Coronavirus thought to ‘disrupt sugar metabolism’ as cases of type 1 diabetes surge

Diabetes expert reveals rise of cases in children during pandemic

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Speaking exclusively to, Dr Quinton Fivelman PhD – chief scientific officer at London Medical Laboratory – said researchers are “concerned”. “We are concerned about the way Covid penetrates organs,” he said. “The virus interacts with a receptor called ACE-2 to infiltrate cells in organs, including the pancreas.”

Dr Fivelman said this is “likely” to “disrupts sugar metabolism”.

He elaborated: “ACE-2 is found in the pancreas and there seems to be evidence that it is changing how the Beta cells work.”

The doctor cited two American studies released this summer, from Weill Cornell Medicine and Stanford University School of Medicine.

Both studies have shown Covid to be present in pancreatic B-cells from patients who died from the disease.

“Additional experiments revealed that Covid-19 selectively infected human islet β-cells in laboratory experiments,” Dr Fivelman added.

“This suggests that Covid infection of the pancreatic β-cells can, in some cases, lead to diabetes similar to type 1 diabetes in previously healthy patients.”

While more time is needed to determine how significant this link is, another area of research is gaining traction.

Ongoing research is mounting in whether Covid causes inflammation in the body, leading to insulin resistance.

“That means that the body is unable to properly use the natural insulin it produces,” Dr Fivelman explained. “Again, this would lead to diabetes symptoms.”

What are the symptoms of diabetes?

“The first signs that you may have diabetes are that you urinate more often, are frequently thirsty, are often tired, have unexpected weight loss or suddenly suffer from blurry eyesight,” Dr Fivelman pointed out.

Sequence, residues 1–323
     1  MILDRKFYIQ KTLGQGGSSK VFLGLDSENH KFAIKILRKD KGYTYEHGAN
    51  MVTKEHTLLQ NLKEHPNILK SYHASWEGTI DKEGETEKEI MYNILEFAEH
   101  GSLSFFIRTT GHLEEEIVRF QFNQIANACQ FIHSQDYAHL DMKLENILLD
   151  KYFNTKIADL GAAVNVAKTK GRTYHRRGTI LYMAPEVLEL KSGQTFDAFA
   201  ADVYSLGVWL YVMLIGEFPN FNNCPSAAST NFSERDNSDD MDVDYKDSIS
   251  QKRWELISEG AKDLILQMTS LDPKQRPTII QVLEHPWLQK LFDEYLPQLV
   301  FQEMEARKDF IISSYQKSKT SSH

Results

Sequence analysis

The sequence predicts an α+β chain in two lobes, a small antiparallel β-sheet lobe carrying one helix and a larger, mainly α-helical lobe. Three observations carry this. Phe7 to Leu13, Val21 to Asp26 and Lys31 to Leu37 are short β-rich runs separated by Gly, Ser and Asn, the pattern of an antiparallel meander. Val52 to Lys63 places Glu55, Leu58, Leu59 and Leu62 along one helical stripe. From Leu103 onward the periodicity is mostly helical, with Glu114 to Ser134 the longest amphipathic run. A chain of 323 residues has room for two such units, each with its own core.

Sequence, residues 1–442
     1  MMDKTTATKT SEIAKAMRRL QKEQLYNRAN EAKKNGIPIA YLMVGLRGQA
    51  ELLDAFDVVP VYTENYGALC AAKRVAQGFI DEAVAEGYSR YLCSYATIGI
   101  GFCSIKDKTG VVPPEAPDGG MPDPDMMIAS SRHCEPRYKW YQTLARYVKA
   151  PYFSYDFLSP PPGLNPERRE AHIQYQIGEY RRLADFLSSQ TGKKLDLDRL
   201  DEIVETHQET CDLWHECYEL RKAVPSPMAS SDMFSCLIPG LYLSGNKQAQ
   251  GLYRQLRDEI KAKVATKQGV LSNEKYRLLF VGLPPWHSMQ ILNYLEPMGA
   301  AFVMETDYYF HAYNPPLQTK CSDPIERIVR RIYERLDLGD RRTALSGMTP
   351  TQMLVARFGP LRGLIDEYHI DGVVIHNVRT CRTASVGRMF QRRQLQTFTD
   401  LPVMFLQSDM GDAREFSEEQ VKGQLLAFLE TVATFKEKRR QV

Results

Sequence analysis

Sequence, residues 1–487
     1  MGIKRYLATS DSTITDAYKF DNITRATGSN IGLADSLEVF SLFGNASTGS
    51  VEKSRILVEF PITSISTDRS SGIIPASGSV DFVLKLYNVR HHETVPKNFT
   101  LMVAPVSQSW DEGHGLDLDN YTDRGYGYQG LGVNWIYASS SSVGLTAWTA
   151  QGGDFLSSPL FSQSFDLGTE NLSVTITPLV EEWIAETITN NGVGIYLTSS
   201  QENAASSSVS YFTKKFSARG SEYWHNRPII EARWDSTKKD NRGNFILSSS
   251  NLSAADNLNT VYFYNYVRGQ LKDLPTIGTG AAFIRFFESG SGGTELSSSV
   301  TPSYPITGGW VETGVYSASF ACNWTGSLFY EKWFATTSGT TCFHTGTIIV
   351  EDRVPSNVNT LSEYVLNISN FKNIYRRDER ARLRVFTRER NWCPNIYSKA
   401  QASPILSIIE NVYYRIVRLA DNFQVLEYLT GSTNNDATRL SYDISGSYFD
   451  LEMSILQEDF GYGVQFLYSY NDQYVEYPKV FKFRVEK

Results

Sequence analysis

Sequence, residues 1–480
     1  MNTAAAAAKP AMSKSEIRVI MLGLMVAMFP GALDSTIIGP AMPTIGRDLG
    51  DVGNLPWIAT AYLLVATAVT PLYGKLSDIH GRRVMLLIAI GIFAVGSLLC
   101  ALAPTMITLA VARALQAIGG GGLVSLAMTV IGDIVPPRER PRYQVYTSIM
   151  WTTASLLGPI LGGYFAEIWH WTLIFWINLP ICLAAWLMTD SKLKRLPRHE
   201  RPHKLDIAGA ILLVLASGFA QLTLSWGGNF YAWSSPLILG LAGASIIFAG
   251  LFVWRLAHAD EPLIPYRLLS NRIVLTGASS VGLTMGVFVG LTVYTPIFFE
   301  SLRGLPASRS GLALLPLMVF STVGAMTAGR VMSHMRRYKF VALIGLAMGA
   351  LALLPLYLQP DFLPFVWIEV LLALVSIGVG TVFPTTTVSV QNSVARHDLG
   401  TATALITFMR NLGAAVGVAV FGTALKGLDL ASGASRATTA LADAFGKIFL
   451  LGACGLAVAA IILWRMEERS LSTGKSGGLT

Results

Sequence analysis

“Keeping your blood sugar levels normal requires the proper balance of glucagon and insulin secretion at the appropriate times.

“A lack of insulin secretion can result in Type 1 diabetes. This may be triggered by Covid-19 attacking pancreatic cells.”

Dr Fivelman suggests taking a diabetes blood test if you want to check your blood sugar levels.

“This diabetes test measures your level of HbA1c, a biomarker in people’s blood,” he explained.

“A result between 42-47mmol/mol is considered high risk for diabetes and a level greater than 48mmol/mol carries a diagnosis of diabetes.

“For people worried about their combined risk of Covid and diabetes, tests for either or both are available at London Medical Laboratory centres.”

The doctor also pointed out that blood sugar levels are known to rise in some people who are fighting off a Covid infection.

“As yet, we have no clear idea of how long these remain at a high level, but this may certainly be a contributing factor.

“Some scientists are even speculating we may even be looking at a new type of diabetes, triggered by the effects of Covid.

“This may be linked to longer term high blood sugar levels in long Covid patients.”

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